The excavations were scheduled around the owners planting schedule, relying on local volunteers as a labor force. The local community responded quite well -- over 30 individuals provided at least one days work each; several individuals spent more time on site. One of the most satisfying elements of the project was the number of local citizens who arrived on site simply to see what was going on and then chose to stay on to work.
The excavations revealed the remains of an early 18th century house which burned. while in use. Preliminary analysis of the artifacts recovered indicates a home of a successful planter who possessed a great number of luxury items. Particularly noteworthy were the relatively large numbers of crystal stemware fragments, pewter spoon fragments and decorative clothing buttons and shoe buckles. Food remains indicate a primary dependence on domestic animals, especially pig, but supplemented with wild game and fish and shellfish.
The structural remains were quite substantial. The solid ballast stone foundation measured 12 feet north-south by at least 17 feet east-west. The western wall of the foundation has been destroyed, however, making it impossible to provide an accurate measurement. The structure had a brick floor equipped with a drainage system along the north and east walls. The bonding pattern in the floor indicated that the structure had two rooms -- a hall and parlor plan -- separated by a wooden interior wall. Evidence of a single exterior door was found in the southeast corner of the structure. Although the structure appears rather small by today's standards, it appeared to have been well constructed. The construction techniques, combined with the artifacts found in the interior of the structure, suggest that it was built and destroyed during the first half of the 18th century.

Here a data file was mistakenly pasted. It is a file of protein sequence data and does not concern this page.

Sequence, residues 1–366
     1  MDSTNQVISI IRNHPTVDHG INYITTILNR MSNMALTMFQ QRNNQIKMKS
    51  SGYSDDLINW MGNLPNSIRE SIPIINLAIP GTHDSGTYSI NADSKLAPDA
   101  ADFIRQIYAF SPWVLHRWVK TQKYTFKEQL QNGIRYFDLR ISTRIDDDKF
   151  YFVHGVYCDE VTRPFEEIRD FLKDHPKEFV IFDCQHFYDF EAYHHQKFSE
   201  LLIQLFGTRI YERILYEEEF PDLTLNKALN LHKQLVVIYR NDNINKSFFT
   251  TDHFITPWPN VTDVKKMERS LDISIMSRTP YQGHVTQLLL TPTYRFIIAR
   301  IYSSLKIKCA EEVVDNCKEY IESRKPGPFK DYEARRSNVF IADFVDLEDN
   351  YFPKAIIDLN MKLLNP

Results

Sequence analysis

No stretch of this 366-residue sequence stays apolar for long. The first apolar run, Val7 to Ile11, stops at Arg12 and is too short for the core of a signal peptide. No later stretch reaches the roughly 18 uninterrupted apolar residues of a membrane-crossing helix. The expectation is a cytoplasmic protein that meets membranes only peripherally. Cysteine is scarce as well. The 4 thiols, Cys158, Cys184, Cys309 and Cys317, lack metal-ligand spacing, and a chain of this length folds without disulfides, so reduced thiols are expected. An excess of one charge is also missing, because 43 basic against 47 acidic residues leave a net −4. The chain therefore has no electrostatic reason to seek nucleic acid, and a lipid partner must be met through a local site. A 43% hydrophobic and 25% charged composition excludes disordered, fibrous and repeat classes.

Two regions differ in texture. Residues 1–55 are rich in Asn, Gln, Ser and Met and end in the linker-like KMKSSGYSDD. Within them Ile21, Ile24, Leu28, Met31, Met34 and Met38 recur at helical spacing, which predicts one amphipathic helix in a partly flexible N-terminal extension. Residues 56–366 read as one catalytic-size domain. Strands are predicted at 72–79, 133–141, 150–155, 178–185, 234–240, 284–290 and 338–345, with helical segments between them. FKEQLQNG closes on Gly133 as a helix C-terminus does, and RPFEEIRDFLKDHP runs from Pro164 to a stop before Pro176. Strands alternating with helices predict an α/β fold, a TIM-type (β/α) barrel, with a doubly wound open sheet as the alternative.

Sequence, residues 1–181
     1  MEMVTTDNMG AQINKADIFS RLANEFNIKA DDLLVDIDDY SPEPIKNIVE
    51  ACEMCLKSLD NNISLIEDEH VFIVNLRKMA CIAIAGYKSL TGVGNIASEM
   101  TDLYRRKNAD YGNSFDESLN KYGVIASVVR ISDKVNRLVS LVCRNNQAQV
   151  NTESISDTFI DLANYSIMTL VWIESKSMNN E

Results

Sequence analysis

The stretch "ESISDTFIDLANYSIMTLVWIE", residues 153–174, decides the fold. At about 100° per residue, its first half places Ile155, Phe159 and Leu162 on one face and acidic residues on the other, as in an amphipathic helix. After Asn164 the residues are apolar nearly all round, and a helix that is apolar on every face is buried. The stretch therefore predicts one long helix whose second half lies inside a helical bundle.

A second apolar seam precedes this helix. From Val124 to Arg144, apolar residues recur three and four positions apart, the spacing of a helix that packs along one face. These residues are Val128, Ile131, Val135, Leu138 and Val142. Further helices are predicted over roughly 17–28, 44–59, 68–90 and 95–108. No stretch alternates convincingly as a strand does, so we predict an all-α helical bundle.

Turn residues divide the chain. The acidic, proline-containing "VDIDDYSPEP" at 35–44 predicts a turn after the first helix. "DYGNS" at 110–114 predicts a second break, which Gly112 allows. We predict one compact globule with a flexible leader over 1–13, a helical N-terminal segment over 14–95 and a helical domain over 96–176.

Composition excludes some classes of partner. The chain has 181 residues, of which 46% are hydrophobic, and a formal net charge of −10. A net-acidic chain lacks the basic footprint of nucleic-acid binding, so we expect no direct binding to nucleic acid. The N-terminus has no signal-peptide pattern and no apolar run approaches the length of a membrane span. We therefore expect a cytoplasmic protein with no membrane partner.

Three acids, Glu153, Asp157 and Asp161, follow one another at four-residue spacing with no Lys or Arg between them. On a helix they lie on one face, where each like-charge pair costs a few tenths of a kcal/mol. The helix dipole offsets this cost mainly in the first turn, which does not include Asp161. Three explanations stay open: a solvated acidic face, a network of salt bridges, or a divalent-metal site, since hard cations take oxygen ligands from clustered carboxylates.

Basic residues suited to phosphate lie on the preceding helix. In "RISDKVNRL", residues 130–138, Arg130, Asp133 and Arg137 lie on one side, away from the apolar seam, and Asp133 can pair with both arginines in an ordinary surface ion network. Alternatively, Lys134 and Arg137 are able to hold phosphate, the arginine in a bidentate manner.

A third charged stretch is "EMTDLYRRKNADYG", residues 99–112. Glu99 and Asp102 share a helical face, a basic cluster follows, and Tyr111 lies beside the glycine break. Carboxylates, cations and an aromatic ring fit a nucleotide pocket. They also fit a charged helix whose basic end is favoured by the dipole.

The importance of the Reid site data can not be understated. This excavation will help to fill in many details which are otherwise missing in the written records and will add significantly to the understanding of those few 18th century structures which remain in northeastern North Carolina. However, the cooperation between landowner and archaeologist and the willing participation of local individuals in the excavation underscores the importance of the research. As a direct result of this project the number of recorded archaeological sites in Pasquotank County has more than doubled. Farmers have noted artifact concentrations for years and a few have collected artifacts, but none knew that anyone was interested in making a record of their locations. Finally, contrary to their original plans, the Reids have decided to preserve the remains of the foundation and brick floor.
Cooperation between the professional and the amateur communities has resulted in more than the salvage of a single site. It has built an awareness of archaeological sites in the region and of their importance to history. We wish to extend a sincere "thanks" to the Reid family and their Pasquotank neighbors for their interest, cooperation and participation.
by: John W. Clauser, Jr., NC Office of State Archaeology
Reprinted by permission from the NEWSLETTER of the Friends of North Carolina Archaeology, Inc., Spring 1986, Volume 2, Number 2. © North Carolina Archaeological Society 1986